“Filing cabinets for the poor”

My husband comes from Scotland, and we used to drive up every few months to see his parents and, as we rolled down towards his home town, we’d go past numerous tower blocks 30 or maybe 40 stories high, glowering down from the nearby hills. The phrase ‘filing cabinets for the poor’ always sprung to mind – I thought it was a quote from Jamie Reed, but I’ve had a look for it on-line and all you get is search results for office furniture, but it’s a powerful turn of phrase and tragically appropriate this week.

My nana lived in a small block on the 17th floor when I was a kid, it had a long balcony with brilliant views of the admittedly shittier parts of Manchester. But it also had big windows, a proper bathroom and a fitted kitchen. Nana loved it, it was on a busy bus route into the city and there was a row of shops nearby and space for kids to play.  I remember sliding in my socks on the the shiny lino, high on wax polish fumes, outside her flat, and the delirious adventure of sending a bag of rubbish down the shute.

The years passed, Nana stayed but her neighbours changed. The lifts weren’t reliable and it became hell for families with small kids. The shops closed and the local friendliness that I remembered dripped away and was replaced with hostility, unhappiness and mistrust; most likely because the only people who would live there were people who didn’t have any more options: the death spiral of the area had begun. The play areas ended up filled with rubbish and broken glass. I’m trying to think who would have been in charge of the government at the time, and I’d like to think that it was Thatcher’s Tories, but it was most likely the city council that deprived the area of much needed maintenance money. Saving money on housing the poor isn’t – regrettably – a new invention or the sole territory of the Tories

This week tower blocks and poor public housing standards are in the news because of an horrendous London fire with its frightening amount of likely deaths. But virtually every left wing commenter – like me – could have told you that this was simply the shitty end to a sequence of everyday tragedies. From Thatcher’s ‘Rght to buy” that removed social housing, from Blair’s inability to be the Labour leader we should have had (he didn’t replace the lost houses, even with a mandate that could’ve covered the country in council properties) to the current incumbents who cut services that impact the poor even as they hand more money to the rich. Housing is now viewed as an investment for those who can afford to buy, landlords get rich on those who can’t and the safety net designed to keep folk off the streets – clearly doesn’t work. Housing the poor means poor housing all over again.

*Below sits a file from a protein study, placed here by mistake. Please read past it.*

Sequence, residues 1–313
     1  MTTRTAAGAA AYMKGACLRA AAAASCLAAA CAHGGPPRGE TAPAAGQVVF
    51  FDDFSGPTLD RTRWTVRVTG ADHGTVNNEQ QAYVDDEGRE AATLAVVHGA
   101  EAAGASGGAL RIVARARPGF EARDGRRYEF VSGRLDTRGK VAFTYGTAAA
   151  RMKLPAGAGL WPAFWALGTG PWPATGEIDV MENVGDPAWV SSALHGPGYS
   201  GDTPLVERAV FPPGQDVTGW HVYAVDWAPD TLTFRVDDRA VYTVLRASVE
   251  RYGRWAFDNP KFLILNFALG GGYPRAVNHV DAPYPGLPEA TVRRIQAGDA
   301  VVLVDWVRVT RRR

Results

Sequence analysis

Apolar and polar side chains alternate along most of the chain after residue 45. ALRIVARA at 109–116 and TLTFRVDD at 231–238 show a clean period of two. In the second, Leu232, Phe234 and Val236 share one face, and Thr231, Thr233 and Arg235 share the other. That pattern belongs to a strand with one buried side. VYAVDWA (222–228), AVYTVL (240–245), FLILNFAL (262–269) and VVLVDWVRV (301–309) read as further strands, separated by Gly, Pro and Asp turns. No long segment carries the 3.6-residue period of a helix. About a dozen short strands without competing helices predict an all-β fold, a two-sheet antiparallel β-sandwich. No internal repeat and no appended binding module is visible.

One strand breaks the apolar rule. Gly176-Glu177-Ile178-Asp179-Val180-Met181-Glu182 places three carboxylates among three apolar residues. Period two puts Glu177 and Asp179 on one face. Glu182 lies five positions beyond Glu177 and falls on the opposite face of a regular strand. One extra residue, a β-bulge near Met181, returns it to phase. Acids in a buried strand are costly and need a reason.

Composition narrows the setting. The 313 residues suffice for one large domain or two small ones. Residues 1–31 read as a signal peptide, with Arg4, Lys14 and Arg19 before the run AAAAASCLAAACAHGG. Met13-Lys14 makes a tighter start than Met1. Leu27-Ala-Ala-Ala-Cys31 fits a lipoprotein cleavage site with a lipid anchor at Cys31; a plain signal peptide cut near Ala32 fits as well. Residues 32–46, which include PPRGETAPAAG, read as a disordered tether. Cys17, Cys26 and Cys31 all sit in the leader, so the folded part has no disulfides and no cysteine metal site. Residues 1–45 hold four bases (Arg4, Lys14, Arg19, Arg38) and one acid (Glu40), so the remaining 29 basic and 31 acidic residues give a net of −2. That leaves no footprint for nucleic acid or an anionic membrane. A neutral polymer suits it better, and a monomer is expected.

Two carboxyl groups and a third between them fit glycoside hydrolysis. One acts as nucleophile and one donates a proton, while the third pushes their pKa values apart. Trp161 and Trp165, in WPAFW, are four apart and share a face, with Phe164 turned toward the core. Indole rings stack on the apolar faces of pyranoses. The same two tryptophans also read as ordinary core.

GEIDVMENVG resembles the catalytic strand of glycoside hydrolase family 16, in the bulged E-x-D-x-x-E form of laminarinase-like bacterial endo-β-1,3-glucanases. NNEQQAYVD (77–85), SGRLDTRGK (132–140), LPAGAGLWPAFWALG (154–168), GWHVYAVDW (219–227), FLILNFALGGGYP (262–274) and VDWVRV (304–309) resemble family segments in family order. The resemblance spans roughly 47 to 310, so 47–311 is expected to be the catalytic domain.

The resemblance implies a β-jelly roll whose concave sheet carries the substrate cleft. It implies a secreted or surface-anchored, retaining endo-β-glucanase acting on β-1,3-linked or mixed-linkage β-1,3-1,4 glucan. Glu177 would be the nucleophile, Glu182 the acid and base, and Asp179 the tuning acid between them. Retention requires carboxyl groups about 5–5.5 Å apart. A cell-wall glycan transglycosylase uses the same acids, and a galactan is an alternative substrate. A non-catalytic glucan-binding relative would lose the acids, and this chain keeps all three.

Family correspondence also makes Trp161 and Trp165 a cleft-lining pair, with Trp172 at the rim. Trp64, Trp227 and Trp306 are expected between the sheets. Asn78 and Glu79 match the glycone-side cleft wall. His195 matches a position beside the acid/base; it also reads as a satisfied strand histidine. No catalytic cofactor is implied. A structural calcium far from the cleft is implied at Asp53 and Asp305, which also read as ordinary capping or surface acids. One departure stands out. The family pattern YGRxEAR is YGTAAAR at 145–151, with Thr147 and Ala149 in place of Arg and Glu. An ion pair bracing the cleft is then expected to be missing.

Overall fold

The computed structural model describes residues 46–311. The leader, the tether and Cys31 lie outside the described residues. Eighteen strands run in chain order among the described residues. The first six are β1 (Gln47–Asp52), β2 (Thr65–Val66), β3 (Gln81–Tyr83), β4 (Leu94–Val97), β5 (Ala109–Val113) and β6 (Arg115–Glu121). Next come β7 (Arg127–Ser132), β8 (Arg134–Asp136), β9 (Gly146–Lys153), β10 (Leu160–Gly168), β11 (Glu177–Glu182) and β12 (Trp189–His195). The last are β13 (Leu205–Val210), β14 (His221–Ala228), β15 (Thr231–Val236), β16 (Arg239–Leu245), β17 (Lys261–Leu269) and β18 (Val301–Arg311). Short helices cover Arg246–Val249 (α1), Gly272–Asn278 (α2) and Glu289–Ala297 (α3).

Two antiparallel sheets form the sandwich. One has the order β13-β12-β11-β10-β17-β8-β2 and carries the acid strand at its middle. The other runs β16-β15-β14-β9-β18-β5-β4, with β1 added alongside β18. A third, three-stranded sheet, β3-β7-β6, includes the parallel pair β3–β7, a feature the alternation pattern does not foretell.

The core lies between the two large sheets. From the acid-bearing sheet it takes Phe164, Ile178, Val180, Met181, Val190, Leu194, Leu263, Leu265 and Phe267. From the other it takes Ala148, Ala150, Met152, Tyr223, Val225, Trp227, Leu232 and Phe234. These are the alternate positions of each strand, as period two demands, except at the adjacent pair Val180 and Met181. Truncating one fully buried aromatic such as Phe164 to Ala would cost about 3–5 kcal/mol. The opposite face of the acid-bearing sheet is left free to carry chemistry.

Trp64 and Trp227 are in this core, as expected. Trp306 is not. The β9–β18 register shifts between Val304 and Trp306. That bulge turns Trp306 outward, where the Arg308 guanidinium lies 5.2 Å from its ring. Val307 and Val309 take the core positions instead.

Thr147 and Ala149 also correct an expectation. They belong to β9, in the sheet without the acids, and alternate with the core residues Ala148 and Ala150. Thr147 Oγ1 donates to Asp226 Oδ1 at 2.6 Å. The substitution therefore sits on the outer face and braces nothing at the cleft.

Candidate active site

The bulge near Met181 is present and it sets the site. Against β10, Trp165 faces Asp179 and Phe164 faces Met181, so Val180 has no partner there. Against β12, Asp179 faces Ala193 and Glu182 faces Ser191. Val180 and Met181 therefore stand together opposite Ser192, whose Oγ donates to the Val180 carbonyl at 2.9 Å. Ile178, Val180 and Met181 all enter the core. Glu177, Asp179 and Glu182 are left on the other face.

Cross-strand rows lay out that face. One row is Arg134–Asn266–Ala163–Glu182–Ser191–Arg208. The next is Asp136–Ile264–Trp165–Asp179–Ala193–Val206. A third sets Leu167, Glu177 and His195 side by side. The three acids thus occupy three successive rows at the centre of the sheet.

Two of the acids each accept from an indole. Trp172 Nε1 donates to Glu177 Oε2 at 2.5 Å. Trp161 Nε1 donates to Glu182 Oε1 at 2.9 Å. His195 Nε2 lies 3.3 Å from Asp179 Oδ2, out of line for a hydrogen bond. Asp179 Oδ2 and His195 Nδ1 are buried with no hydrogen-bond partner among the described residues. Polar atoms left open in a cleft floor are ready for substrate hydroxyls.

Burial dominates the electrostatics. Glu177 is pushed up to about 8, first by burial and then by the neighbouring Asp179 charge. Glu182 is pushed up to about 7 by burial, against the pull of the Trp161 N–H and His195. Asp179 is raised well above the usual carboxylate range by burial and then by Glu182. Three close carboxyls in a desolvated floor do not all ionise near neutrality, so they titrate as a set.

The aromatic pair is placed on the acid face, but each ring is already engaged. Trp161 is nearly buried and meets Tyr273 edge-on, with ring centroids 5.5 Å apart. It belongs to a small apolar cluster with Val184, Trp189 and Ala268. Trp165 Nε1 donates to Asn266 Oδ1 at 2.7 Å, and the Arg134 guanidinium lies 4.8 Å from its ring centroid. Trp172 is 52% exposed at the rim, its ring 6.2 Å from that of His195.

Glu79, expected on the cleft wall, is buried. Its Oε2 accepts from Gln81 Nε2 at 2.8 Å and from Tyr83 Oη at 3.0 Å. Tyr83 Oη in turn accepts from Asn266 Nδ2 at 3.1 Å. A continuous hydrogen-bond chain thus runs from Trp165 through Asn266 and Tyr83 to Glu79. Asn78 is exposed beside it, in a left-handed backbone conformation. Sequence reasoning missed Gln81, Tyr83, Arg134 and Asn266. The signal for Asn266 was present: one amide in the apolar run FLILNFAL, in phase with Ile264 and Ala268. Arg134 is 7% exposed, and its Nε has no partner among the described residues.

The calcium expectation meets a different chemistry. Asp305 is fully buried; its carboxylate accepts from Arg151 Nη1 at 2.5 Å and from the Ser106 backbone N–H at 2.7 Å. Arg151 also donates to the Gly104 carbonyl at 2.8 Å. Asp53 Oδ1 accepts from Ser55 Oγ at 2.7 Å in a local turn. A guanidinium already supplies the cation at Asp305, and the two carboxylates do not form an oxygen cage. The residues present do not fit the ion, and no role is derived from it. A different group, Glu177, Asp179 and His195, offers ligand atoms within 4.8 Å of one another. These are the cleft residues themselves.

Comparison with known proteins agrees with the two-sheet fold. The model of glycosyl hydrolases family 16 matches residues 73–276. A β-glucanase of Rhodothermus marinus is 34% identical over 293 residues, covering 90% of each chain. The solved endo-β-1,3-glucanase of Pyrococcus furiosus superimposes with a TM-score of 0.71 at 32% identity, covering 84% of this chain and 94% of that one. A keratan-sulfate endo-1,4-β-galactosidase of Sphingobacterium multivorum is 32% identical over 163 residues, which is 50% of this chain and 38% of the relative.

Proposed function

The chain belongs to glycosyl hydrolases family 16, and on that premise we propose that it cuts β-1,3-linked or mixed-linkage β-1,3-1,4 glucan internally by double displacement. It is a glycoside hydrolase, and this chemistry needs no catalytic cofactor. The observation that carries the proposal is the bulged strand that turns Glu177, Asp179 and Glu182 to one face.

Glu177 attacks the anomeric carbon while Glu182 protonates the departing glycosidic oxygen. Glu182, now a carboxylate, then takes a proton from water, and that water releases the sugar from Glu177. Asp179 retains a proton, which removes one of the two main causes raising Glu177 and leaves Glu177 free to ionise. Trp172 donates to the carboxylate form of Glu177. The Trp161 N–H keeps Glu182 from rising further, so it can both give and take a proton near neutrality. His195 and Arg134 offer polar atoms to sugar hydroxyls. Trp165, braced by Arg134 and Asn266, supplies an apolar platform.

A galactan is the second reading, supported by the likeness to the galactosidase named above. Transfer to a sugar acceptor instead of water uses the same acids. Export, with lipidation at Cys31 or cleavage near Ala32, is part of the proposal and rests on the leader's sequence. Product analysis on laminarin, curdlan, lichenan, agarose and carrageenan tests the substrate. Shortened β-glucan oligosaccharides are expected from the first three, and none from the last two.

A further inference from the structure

From shoddy terraces, grim Scottish tenements, tower blocks that melt after a gas explosion (Ronan point 1968), council housing estates that stretch to the horizons with nary a shop to be seen, to tower blocks gift wrapped in flammable plastic for future private investors, we don’t seem to have learnt anything. We have continued to vote for parties that put profit over people, we have looked the other way while our brothers and sisters have ended up on the streets, we have disregarded the corners of our cities that offer their residents grim housing and not much else, while we watched ‘reality’ TV. We need to understand the lessons that are being offered at Grenfell Tower and while we mourn for the victims we should be saying ‘never again’.

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